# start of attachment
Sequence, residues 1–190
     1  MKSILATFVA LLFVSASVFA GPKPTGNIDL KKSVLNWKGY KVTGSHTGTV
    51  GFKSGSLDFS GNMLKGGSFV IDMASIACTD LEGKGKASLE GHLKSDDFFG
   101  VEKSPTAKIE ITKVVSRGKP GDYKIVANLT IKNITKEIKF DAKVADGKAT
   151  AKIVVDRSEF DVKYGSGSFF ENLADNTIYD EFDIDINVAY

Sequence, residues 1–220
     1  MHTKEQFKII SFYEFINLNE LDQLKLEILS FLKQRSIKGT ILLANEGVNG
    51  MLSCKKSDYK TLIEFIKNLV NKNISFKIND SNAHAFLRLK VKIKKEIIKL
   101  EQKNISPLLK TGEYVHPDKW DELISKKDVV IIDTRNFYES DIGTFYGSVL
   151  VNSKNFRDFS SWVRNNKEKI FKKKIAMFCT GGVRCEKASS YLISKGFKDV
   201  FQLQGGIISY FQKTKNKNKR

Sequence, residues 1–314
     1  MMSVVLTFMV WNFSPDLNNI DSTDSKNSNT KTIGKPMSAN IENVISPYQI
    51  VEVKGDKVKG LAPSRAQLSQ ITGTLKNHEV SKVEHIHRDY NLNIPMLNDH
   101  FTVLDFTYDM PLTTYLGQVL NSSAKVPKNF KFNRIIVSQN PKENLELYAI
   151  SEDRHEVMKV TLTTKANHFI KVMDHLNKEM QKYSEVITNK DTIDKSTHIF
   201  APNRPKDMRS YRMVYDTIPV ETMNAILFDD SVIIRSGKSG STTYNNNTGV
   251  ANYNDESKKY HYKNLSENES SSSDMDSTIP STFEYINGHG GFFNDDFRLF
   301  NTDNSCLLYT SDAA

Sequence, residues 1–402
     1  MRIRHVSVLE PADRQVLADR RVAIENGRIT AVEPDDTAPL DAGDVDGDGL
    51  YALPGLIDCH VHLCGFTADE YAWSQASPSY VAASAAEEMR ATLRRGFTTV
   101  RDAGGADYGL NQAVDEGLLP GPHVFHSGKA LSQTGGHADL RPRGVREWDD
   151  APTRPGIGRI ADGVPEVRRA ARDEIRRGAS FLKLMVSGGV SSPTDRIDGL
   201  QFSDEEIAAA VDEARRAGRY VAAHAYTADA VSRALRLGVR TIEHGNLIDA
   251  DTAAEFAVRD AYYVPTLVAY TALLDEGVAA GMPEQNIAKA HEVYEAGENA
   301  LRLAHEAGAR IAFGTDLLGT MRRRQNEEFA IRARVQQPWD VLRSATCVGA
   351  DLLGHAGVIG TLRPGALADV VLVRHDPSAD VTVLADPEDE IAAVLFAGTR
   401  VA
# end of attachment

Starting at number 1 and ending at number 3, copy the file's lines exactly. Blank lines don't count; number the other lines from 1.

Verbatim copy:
Sequence, residues 1–190
     1  MKSILATFVA LLFVSASVFA GPKPTGNIDL KKSVLNWKGY KVTGSHTGTV
    51  GFKSGSLDFS GNMLKGGSFV IDMASIACTD LEGKGKASLE GHLKSDDFFG